10-franc day ticket proposed for young people in Switzerland
In another attempt to introduce a nine-euro style ticket in Switzerland, the Green Party has proposed a 10-franc day pass for Swiss public transport. The ticket would only be available to people younger than 27 and would be valid on all services during the weekend.
Swiss Greens want to limit public transport costs for young people
Speaking to Watson, Green National Councillor Florence Brenzikofer announced that she was submitting an initiative that would limit the cost of travel for young people to 10 francs a day on weekends by commissioning a new type of ticket. The pass would be available to those aged 27 or younger, and would give unlimited access to all rail, bus, tram and boat services across the country and in Swiss cities.
"The goal must be that practically all young people use public transport in their free time for longer distances", Brenzikofer explained. Much like the nine-euro ticket scheme in Germany, she said that the scheme would also reduce carbon emissions and the number of drivers on Swiss roads and motorways.
Brenzikofer: Swiss transport needs to attract more leisure travellers
She claimed that while public transport usage is high in Switzerland, much of the traffic is sourced from commuters going to work or students going to study in higher education, meaning that "public transport is much less important during young people's leisure time.” When asked why the price was set so low, she explained, “It shouldn’t be the case that a small group of young people prefers to travel by car than by public transport for reasons of cost - for example, because someone in the group does not have a Half-Fare travelcard.”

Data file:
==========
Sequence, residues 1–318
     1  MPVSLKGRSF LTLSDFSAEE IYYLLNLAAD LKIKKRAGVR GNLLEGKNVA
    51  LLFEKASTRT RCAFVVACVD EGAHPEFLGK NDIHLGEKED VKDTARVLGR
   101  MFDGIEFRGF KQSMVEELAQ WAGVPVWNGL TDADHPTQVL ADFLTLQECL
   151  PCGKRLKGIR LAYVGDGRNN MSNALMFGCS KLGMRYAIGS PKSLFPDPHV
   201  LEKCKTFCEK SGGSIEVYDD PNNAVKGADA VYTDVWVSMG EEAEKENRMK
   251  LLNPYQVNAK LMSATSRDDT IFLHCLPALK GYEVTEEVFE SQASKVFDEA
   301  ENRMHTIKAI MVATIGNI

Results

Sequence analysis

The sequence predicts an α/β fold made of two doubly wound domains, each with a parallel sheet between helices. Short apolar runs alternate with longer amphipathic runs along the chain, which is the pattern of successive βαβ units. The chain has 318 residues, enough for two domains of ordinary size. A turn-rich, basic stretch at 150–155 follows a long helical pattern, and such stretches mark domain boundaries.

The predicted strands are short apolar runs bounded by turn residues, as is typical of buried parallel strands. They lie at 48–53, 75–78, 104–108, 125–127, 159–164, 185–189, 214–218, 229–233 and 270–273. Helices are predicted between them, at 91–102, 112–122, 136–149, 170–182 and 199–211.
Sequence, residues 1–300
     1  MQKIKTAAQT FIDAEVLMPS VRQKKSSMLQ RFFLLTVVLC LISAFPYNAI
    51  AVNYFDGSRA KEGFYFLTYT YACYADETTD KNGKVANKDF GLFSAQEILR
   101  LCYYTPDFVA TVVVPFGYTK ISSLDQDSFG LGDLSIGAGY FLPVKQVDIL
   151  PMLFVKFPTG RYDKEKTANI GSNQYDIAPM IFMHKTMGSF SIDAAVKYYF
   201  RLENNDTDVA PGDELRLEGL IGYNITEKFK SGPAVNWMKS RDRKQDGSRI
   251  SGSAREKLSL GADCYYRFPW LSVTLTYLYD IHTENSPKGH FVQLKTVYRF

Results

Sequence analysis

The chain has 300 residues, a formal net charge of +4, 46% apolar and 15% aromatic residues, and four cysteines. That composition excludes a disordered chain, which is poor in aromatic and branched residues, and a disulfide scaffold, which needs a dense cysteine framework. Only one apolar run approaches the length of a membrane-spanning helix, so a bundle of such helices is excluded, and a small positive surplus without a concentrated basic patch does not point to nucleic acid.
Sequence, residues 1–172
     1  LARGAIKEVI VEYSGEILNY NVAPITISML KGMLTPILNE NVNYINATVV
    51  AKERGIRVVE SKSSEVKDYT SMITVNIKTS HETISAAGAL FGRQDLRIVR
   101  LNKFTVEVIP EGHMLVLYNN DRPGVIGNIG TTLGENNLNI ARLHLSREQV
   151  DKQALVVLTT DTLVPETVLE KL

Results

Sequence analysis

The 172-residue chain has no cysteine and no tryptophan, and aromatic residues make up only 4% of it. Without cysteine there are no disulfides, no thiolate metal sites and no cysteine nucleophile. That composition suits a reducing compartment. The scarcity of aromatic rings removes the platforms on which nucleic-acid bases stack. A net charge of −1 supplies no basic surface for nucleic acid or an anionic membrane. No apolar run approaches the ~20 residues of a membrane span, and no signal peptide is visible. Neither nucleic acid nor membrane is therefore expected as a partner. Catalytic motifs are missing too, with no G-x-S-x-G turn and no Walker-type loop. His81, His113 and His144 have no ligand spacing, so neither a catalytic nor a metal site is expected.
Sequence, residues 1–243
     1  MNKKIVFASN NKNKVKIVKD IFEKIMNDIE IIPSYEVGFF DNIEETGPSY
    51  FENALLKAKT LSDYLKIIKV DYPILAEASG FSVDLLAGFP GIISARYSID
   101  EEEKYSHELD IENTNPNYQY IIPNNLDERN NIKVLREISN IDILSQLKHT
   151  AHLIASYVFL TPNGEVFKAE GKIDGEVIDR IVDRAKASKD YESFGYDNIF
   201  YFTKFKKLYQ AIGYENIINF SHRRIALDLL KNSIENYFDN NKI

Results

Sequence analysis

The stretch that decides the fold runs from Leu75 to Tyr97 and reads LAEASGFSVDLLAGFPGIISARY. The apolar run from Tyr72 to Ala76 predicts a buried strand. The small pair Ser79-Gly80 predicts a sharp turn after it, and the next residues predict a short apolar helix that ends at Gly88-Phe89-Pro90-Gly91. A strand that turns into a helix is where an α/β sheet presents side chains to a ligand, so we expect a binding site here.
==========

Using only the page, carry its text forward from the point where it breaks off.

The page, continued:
This isn’t the first attempt to reduce the cost of public transport in Switzerland, with the Social Democratic Party (SP) submitting a proposal earlier in the year that would have reduced the cost of the Half-Fare travelcard (halbtax-abo) to 100 Swiss francs a year. Speaking to Watson, SP councillor Matthias Aebischer said he supported Brenzikofer’s idea "fully and completely", once again citing the success of the nine-euro ticket in Germany as why a similar project should come to Switzerland.
When asked how the government could pay for the scheme, Brenzikofer argued that no revenue would be lost as "the yield would increase because of new customers." She argued that younger people would then be more likely to use public transport, even after the scheme ends or they get too old to use the ticket.
Swiss government and transport associations worried about the cost
The proposal has been met with a lukewarm response by transport associations, with Alliance Swiss Pass telling Watson that, while it welcomed "all initiatives that contribute to increasing the public transport share of the total traffic volume", it was important to consider "that every discount can reduce the cost recovery rate of public transport and must be borne by the public sector if it cannot be covered by the additional income."
The executive Federal Council is also not entirely on-board, noting in a statement that it was up to transport companies, not the state, to offer reduced ticket prices. They rejected so-called “state-supported actions” noting that the public is already funding “a significant part of the uncovered costs in regional transport and the railway infrastructure."